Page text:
So what? Let’s just blitz our way through to trial, and let a jury give them the fate they deserve. Right? Not so fast! First there are six months of discovery, generally speaking. That is the period where they get to ask for documents and you have to produce them – and vice versa. Let’s hope they actually produce what they are required to produce, as opposed to objecting to it on a nonsensical basis or simply failing to acknowledge the existence of the email where the adjuster admits you are owed more than you were paid. Work product, right? (Facepalm). Part of discovery is depositions. As these insurance attorneys are paid hourly, most of the time they will milk every interaction for every minute. On simple matters, I have participated in depositions from 9:00 AM to well after 5:00 PM. I have been asked stupid questions like where the Georgia Insurance Commissioner went to school, or what his qualifications are to make the decisions he does. Are you fricking kidding me? Crooked old insurance defense attorneys (with teeth equally as crooked) have asked me leading, compound questions (both no-no’s), and have maliciously demanded a simple “Yes” or “No” answer when I provided a true and accurate answer – rather than falling into their traps. Now, I know not to fall into those traps, but do you? To make the deal even more bitter, remember that for every billable hour your insurance company is willing to hemorrhage to avoid paying you what you are owed, you will be on the hook for roughly the same amount unless you are lucky enough to find an attorney who works on contingency. Remember – the deck is stacked against you if you want to sue your insurance company.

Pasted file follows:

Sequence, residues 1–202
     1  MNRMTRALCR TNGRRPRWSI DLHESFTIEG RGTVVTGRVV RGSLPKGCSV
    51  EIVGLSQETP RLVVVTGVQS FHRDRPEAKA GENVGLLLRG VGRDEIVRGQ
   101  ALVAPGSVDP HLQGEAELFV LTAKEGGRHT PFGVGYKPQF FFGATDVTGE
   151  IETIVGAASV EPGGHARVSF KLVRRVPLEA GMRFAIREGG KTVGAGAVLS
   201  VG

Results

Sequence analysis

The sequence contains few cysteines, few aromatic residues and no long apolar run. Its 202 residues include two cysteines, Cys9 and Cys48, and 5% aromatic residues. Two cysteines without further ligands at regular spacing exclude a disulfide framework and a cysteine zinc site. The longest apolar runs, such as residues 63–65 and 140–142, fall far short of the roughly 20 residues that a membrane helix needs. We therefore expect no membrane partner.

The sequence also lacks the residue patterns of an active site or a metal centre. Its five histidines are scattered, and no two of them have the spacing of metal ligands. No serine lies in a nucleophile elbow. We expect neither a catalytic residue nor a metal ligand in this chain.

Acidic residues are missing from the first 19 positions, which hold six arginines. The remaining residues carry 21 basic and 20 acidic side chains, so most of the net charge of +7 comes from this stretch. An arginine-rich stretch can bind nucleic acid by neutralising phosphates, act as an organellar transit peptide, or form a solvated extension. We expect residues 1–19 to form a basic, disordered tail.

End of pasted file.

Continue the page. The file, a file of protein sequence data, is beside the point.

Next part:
So congratulations. You have made it through discovery! You finally get that trial by jury you have been waiting for, right? Never mind the fact that six months of discovery somehow has you close to a year out because space, time, and basic arithmetic work differently with our court system. Again, not so fast. Now, in our personal experience, the insurance company gets a chance to file their pre-trial motions. If they believed to have found even one nonsensical violation of procedure, or one seemingly insignificant way they believe the policy was violated, they have tried to trump that up and ask a judge to throw out the entire case on that simple basis. Forget justice, forget what policyholders are owed, forget letting a jury be trusted with the matter like a reasonable American would expect. A judge with a busy docket may just be willing to rob you of your day in court, because granting the insurer’s motion and letting you appeal seems like the path of least resistance that is worth taking. Remember – the deck is stacked against you if you want to sue your insurance company. (Before we go any further, if you are a judge reading this, this is not meant to be hostile or apathetic toward the judiciary. I have the highest respect for our governmental system. However, I have personally seen some lazy work from the bench that gave dishonest insurance companies the benefit of the doubt. I humbly and respectfully encourage you to be better than those judges, and give the people [for whom your public office exists to serve] their day in court.)